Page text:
While I’m wafting along, loving the effortlessness of my XM Exclusive, enjoying its immense mid-range torque and magic carpet ride, Richard’s getting to know the MG3. The problem is with an XM, even if you’re ‘taking it easy’ you’re actually cracking along at a decent pace, so MG-driving Richard gets a better test than we both expect. When we roll up to his barn after 30 or so miles of cross-country driving, Richard looks like he’s had fun.
When he gets out, his response to my questioning look surprises me. ‘This is far better than I was expecting,’ he smiles. ‘It’s a really nice, well-sorted little car. Some of the interior design features, such as the lazy use of ovals is a little disappointing, but otherwise it’s really very good indeed. I would own one of these – and I’d have the yellow one. Perhaps without the stickers.’ This from a man, from whom praise doesn’t come easily.
I now have 300-miles to cover by motorway to get Richard down to look at his Jeep Cherokee – and, ordinarily, this might not be the perfect stamping ground for the MG3. After all, it’s a £10K supermini, powered by what many people in the press describe as being a substandard engine. As Richard and I join the M1 south, the first thing that impresses is that at the 70-80mph cruise, the MG3 feels remarkably grown up. Wind noise is kept well in check and the engine note is subdued thanks to that tall gearing – and it trundles along quite happily with the repmobiles.
Considering we’re on the downhill run to Christmas, the drive down to Hampshire was easy. The traffic was light, and those on the road were moving along at a good pace. Professionals one and all. By the time we roll into Bordon to look at the Cherokee, I’ve really warmed to the MG3…
It’s about this time that that a fuel warning chimes at me. Hmm, time to fill up and brim it up with a fresh tank of Shell VPower Nitro – and, when I tot up the mileage and amount of petrol pumped in, reality clicks in a little. The average for this tank full is 36.7mpg. Hmm… In my defence, I’ve been driving the MG3 like a 23 year old and haven’t had much opportunity to cruise in a way more typical owners are likely to. Expect 40-43mpg in the real world, not unacceptable for a warm hatch.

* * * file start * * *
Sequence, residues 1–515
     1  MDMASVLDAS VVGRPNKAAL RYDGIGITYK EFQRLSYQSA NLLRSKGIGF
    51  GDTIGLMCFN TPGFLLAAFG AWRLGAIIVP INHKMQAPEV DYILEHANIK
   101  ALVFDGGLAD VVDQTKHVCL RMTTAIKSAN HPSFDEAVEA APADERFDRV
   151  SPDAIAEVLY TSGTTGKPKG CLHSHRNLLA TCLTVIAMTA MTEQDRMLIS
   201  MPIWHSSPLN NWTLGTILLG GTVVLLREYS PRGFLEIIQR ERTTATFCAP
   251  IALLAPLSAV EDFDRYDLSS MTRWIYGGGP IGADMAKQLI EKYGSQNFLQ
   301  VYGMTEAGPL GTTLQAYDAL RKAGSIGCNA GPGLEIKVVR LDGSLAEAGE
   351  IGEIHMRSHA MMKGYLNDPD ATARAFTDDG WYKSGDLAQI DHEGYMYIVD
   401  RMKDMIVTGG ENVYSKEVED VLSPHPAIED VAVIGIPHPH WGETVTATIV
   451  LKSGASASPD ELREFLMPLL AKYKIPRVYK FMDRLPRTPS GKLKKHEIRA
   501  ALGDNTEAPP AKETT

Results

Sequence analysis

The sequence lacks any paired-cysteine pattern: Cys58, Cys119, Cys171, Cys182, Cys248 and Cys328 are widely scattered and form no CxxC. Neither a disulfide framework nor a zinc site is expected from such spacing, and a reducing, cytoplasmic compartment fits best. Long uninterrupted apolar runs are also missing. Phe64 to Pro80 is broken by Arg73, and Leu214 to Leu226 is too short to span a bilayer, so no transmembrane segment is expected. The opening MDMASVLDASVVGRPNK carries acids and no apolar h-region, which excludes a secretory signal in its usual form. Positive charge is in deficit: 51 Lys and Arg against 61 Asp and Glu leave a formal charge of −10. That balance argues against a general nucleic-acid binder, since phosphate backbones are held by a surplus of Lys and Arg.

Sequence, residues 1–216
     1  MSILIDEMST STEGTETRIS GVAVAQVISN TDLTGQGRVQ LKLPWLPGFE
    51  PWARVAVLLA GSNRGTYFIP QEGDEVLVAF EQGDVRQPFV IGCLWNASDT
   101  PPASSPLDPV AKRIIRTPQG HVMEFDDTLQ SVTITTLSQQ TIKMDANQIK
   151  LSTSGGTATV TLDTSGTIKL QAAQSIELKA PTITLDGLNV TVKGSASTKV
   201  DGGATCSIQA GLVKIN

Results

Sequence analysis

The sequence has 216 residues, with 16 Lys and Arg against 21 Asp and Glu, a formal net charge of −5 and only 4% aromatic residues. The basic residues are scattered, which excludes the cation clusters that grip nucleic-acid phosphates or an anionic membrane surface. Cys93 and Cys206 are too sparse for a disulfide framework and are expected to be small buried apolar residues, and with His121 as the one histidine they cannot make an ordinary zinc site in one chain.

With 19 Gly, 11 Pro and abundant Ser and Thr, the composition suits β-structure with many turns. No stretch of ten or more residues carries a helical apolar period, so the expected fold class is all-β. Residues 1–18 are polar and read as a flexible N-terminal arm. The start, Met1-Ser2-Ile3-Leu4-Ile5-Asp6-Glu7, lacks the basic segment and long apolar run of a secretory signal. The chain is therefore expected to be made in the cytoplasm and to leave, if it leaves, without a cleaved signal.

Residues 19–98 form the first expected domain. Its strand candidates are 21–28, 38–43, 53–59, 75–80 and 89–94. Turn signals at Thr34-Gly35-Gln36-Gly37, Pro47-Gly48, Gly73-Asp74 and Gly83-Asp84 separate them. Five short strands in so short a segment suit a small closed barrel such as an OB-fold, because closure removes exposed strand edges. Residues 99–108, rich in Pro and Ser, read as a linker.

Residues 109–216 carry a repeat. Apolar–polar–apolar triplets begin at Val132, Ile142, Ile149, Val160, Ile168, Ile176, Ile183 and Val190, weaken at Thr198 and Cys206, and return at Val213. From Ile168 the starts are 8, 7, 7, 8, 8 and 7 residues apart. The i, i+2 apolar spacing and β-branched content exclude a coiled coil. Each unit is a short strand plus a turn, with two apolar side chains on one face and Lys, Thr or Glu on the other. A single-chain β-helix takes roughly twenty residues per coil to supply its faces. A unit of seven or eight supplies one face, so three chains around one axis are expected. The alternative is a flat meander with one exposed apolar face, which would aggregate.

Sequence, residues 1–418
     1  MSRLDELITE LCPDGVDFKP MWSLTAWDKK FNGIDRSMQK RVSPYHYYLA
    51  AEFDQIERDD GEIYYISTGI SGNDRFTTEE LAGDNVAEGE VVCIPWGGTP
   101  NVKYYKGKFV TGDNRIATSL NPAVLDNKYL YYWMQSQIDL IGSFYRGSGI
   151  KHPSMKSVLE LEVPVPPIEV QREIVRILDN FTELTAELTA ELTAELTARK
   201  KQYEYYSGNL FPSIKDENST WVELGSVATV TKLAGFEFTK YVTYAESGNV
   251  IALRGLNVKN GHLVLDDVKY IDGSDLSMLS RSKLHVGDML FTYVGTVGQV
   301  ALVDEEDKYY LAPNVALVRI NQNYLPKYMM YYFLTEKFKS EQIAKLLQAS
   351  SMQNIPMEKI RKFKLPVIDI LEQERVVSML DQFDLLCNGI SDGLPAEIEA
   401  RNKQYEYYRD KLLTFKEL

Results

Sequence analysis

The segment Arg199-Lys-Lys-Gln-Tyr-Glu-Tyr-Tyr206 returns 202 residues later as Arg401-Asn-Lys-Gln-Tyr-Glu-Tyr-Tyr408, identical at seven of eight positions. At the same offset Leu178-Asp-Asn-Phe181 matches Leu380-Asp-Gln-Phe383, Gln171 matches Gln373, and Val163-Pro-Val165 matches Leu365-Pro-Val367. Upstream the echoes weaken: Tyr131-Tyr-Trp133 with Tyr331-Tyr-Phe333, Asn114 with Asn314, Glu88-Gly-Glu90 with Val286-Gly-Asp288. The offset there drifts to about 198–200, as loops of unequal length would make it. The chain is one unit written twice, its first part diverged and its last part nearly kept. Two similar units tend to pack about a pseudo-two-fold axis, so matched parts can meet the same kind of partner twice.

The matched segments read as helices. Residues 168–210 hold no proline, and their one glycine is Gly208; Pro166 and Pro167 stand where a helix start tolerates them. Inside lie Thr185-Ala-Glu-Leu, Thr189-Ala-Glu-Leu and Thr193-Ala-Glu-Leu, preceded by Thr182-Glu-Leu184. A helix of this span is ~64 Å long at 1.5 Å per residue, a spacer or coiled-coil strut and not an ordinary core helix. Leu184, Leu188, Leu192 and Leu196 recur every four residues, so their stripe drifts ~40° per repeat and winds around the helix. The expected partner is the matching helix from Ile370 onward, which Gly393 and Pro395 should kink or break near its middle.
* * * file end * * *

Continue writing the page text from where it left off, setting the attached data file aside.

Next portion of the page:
While Richard’s looking around the Jeep, I ask the seller what he thinks of the look of the car we turned up in. He’s not a car person and, when he looks over at it and asks me what it is. ‘New MG,’ I say… ‘I didn’t know they were making cars now – are they still British?’ he asks, while looking across at his new Land Rover Discovery. ‘No,’ I reply, with a heavy heart.
Still, Richard bought himself a new Jeep.
The boring drive back on the motorway gave me chance to play with the initially disappointing-sounding DAB stereo. The lack of bass was down to settings and, once corrected, it was very good indeed. Far better than the unit installed in the MG6, in fact. It’s only later I realise why the bass has been turned down to -3 by the previous occupant – DAB sounds muddy and boomy when correctly set-up for my MP3 player, meaning that the factory levels are inconsistent depending on source – an annoyance if you’re constantly switching from one to the other.
Still, it all looks good inside at night – the red illumination is spot on for this car, as is the matching ring around the stereo system.